In a cold, clear sky with a gibbous moon, morning planets Jupiter and Mars shine from the southeastern sky. Jupiter and Saturn are emerging from their recent solar conjunctions and heading for their Great Conjunction later in the year.
This morning, Mars is nearly 18° to the upper right of Jupiter. During the next 5 weeks watch Mars march eastward compared to the starry background and pass Jupiter on March 20 and Saturn, March 31.
Linkto summary about February 2020’s morning planets.
Here’s the detailed note for this morning:
February 14: One hour before sunrise, the moon (20.6 days past New, 66% illuminated), nearly 36° up in the south-southwest is midway from Spica to Zubeneschamali (β Lib, m = 2.6) and about 2° to the left of Kappa Virginis (κ Vir, m = 4.2). Use a binocular to locate the dimmer stars this morning. Jupiter passes Pi Sagittarii (π Sgr, m =2.9), 1.4° to the lower right of the star. Mars is nearly 18° to the upper right of Jupiter, 1.6° to the upper right of 4 Sagittarii (4 Sgr, m = 4.1) – the western gateway to the bright nebulae in Sagittarius. Watch Mars move through this region during the next several mornings. The challenge is to find a reasonable time to view Mars among the nebulae so that it has enough altitude, but when the sky is still dark enough to find the faint clouds. Forty-five minutes before sunrise, Jupiter is over 10° in altitude in the southeastern sky. Saturn is about 10° to Jupiter’s lower left, nearly 6° in altitude.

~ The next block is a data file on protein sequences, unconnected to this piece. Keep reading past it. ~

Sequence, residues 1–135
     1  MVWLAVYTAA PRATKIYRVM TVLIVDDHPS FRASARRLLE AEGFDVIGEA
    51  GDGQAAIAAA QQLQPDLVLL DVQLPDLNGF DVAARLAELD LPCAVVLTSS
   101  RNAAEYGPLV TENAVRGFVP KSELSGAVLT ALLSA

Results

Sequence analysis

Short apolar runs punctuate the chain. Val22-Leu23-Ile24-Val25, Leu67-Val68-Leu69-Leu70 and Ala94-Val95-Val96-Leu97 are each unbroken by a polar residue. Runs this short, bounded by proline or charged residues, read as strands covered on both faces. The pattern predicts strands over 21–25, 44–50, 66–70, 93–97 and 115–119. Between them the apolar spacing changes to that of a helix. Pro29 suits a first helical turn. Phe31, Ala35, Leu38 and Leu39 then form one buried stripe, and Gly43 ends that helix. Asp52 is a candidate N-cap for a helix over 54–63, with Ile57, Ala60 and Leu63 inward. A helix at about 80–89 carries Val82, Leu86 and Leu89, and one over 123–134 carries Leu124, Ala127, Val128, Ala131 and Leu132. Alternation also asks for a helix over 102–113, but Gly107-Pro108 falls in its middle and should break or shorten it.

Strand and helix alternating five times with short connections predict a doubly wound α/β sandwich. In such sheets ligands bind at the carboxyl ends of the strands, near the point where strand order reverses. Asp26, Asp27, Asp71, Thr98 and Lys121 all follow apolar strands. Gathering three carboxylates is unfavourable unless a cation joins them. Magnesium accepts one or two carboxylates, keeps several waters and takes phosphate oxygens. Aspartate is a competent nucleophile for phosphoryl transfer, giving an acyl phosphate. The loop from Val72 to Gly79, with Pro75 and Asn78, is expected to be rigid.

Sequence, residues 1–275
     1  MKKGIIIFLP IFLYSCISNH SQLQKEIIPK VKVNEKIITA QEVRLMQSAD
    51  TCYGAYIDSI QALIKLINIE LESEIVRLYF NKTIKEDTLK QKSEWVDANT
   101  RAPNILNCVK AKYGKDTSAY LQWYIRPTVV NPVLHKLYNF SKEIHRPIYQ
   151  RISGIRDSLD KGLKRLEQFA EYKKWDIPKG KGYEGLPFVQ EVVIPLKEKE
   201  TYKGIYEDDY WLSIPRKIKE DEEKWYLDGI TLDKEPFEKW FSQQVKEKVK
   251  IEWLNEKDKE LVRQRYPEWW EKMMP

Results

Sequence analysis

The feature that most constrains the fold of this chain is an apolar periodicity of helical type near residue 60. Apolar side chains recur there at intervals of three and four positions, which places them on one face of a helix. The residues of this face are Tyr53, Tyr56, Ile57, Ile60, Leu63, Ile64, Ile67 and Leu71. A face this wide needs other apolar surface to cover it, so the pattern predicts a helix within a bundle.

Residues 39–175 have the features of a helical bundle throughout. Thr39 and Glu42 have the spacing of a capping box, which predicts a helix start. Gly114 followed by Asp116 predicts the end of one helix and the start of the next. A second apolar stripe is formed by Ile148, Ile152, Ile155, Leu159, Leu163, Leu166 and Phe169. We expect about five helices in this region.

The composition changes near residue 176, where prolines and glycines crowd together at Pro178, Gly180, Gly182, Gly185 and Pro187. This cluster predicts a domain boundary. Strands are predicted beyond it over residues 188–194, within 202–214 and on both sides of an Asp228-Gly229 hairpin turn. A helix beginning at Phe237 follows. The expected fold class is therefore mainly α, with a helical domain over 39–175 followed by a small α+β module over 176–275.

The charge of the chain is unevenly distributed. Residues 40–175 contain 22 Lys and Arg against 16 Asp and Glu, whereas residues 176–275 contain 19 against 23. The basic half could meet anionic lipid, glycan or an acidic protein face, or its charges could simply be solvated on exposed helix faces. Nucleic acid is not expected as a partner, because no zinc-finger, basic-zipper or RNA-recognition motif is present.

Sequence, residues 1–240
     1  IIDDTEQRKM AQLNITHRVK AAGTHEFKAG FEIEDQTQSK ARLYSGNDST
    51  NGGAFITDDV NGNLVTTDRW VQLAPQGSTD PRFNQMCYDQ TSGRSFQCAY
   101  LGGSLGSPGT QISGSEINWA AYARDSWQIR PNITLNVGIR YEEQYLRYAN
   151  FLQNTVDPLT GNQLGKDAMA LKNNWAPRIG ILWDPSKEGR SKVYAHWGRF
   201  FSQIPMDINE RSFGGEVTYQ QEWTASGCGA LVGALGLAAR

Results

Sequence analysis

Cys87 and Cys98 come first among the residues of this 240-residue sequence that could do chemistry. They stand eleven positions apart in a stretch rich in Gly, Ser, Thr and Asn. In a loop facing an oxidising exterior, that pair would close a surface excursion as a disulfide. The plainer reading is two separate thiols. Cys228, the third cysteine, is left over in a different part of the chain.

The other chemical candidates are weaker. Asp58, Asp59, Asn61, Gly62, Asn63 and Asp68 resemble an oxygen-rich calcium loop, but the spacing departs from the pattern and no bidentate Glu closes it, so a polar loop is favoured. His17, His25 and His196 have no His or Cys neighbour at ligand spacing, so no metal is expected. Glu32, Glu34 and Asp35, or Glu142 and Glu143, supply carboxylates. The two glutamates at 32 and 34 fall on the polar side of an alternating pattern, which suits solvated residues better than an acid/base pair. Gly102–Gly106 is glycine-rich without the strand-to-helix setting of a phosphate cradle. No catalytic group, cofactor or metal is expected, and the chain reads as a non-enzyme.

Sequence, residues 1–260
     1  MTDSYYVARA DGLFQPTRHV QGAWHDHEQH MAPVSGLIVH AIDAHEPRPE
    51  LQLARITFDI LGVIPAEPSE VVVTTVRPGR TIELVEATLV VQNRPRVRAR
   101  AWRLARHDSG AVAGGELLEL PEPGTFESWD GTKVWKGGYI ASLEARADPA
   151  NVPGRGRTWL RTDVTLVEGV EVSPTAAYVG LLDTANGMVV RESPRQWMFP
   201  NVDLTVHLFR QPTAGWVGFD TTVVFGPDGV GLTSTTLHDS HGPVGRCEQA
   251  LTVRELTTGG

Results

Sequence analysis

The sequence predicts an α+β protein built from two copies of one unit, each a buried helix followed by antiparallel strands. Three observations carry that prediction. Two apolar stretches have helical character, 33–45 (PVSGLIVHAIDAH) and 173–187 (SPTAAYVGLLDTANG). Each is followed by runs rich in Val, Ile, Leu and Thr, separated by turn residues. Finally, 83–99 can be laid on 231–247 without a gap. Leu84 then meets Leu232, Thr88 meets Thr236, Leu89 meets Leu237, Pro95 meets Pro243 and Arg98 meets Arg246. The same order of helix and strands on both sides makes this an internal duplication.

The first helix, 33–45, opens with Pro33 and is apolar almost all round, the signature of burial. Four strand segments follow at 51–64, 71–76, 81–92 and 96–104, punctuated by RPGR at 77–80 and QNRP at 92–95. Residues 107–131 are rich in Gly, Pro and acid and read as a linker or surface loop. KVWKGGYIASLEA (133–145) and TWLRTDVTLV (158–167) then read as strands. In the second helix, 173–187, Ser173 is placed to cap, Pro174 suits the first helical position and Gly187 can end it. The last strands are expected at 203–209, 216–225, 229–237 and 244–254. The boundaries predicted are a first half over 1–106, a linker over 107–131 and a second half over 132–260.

On March 3, look for the brilliant planet about 4 degrees to the left of the galaxy. Holding a binocular steady, put Venus on the lower left side of the view. A cloudy oval with a starlike center, appears to the upper right of the view.
On March 7, brilliant Venus appears to the right of Uranus. Uranus’ brightness is at the limit of human eyesight. Through a binocular, it appears as a bluish star. Put Venus to the right side of the binocular’s view. Uranus will appear to the left of Venus left of center of the view.
For more details about seeing the galaxy and the planet Uranus, see the daily notes that follow that match the dates on the chart above.
March 3: One hour after sunset brilliant Venus is over 30° in altitude in the west-southwest. It passes 4° to the lower left of M74 (NGC 628, m = 8.8, 8’ apparent size). Mallas in The Messier Album, describes the view, “This is a difficult galaxy for a 4” refractor, but it is easily seen in the 10 x 40 finder. A casual observer might miss this object completely, for the central condensation is starlike and the outer parts have very low surface brightness” (p. 146). Also look for Uranus, 5.3° to the upper left of Venus.
March 4: One hour after sunset, Venus is over 30° up in the west-southwest. It moves into Aries, 4.3° to the lower right of Uranus.
March 5: One hour after sunset, brilliant Venus is over 30° up in the west-southwest, 3.5° to the lower right of Uranus. Through a telescope, Venus is 61% illuminated – an evening gibbous – and 20” across.